Hoffert For Council

Campaign Platform


As Ann Arbor weathered the recession, City Staff was cut nearly in half.  Now, as we move forward in our current economy, we need to have a vision of how to use our resources wisely.  We need to be smart about our staffing needs and continue to expand on the use of technology to track service needs such as: road maintenance, water and sewage issues, trash and recycling services, and snow removal. We also need to maintain an active dialogue with our excellent fire and police chiefs to ensure the community has what it needs.


Our picturesque city of Ann Arbor naturally lends itself to pedestrians and bicyclists.  Whether it’s our children or grandchildren learning to ride bicycles, or students getting to school, or a seasoned bike commuter, we need to take proactive measures to ensure their safety. We must continue to make strides in standardizing crosswalks, lighting, school traffic zones, separate bike lanes, and safe sidewalks to ensure the safety of all — no matter what form of transportation they use.



Ann Arbor has increasingly become financially out-of-reach for many to call home. For the sake of our city’s growth, vitality, and diversity, there must be more choices than expensive downtown high-rises and expensive single-family homes.  Affordable and middle-income housing touches on multiple benefits for our city – decreased traffic congestion, improved carbon footprints, increased tax base for needed infrastructure improvements, and slowing urban sprawl.



Ann Arbor must continue to take the lead on pressing environmental concerns. Proactively addressing the Gelman Dioxane plume, improving our recycling facilities, properly maintaining our waste treatment infrastructure, increasing reliable mass transit to cut down our emissions carbon footprint, and finding ways to work with the University to move forward with the Allen Creek/Tree Line Trail are necessary steps to addressing these needs.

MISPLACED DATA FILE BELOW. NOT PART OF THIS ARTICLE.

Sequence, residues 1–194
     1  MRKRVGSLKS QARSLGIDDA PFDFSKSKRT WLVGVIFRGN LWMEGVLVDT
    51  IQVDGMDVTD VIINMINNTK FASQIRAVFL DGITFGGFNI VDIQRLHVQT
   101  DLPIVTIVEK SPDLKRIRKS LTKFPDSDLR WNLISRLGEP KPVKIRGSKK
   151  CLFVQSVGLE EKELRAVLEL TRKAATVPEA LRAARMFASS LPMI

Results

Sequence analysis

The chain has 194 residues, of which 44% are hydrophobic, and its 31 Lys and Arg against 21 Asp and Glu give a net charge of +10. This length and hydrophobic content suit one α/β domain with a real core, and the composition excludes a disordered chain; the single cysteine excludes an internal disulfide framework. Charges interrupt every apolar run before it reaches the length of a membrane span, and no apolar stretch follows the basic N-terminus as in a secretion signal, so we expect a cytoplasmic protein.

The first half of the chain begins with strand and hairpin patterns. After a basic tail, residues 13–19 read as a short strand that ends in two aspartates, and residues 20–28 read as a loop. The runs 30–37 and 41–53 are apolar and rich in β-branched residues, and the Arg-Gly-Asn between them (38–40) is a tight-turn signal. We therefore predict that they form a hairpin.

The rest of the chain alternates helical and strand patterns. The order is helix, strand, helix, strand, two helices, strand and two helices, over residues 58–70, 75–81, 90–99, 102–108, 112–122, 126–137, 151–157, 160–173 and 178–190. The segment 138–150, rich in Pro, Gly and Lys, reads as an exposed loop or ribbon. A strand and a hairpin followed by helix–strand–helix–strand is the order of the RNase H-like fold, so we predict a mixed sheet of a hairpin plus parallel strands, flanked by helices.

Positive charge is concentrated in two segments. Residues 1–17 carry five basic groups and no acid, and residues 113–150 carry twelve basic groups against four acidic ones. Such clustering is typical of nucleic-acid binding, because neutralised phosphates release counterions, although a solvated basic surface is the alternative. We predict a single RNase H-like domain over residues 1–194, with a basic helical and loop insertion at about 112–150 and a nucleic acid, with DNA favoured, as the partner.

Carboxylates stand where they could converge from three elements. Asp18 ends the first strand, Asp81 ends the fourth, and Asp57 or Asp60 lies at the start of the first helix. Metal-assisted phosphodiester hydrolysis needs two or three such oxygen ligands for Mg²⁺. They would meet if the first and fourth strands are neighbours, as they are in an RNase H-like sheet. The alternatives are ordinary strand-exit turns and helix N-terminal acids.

Theater, music, and visual arts play an important role in Ann Arbor’s culture, and frankly it’s good business. It also helps give our residents another source of pride.  According to the Ann Arbor Area Convention and Visitors Bureau, the region attracts 5.6 million visitors annually. In a recent AAA/ CVB survey, visitors indicated that arts & cultural programs, events and festivals are the No. 2 reason they travel to Washtenaw County.

We need to work with local, county and regional organizations to help broaden our status as a cultural hub. Supporting quality infrastructure like smooth roads or cultural amenities like public art is not an either/or question.  Cities succeed when they are strong.  How many great cities do you know that lack arts and culture?


What does this mean for Ann Arbor?

  • Regional Economic Vitality: According to Americans for the Arts, “arts businesses and creative employees stimulate innovation, strengthen the region’s competitiveness in the global marketplace, and play an important role in building and sustaining economic vibrancy.”

  • Job Creation: Employment in the creative industries includes companies (establishments) and individuals engaged in employment in the creative arts (shown as non-employer establishments). The creative sector represents 7.6% of all Washtenaw County jobs as measured by U.S. Bureau of Labor Statistics Data.

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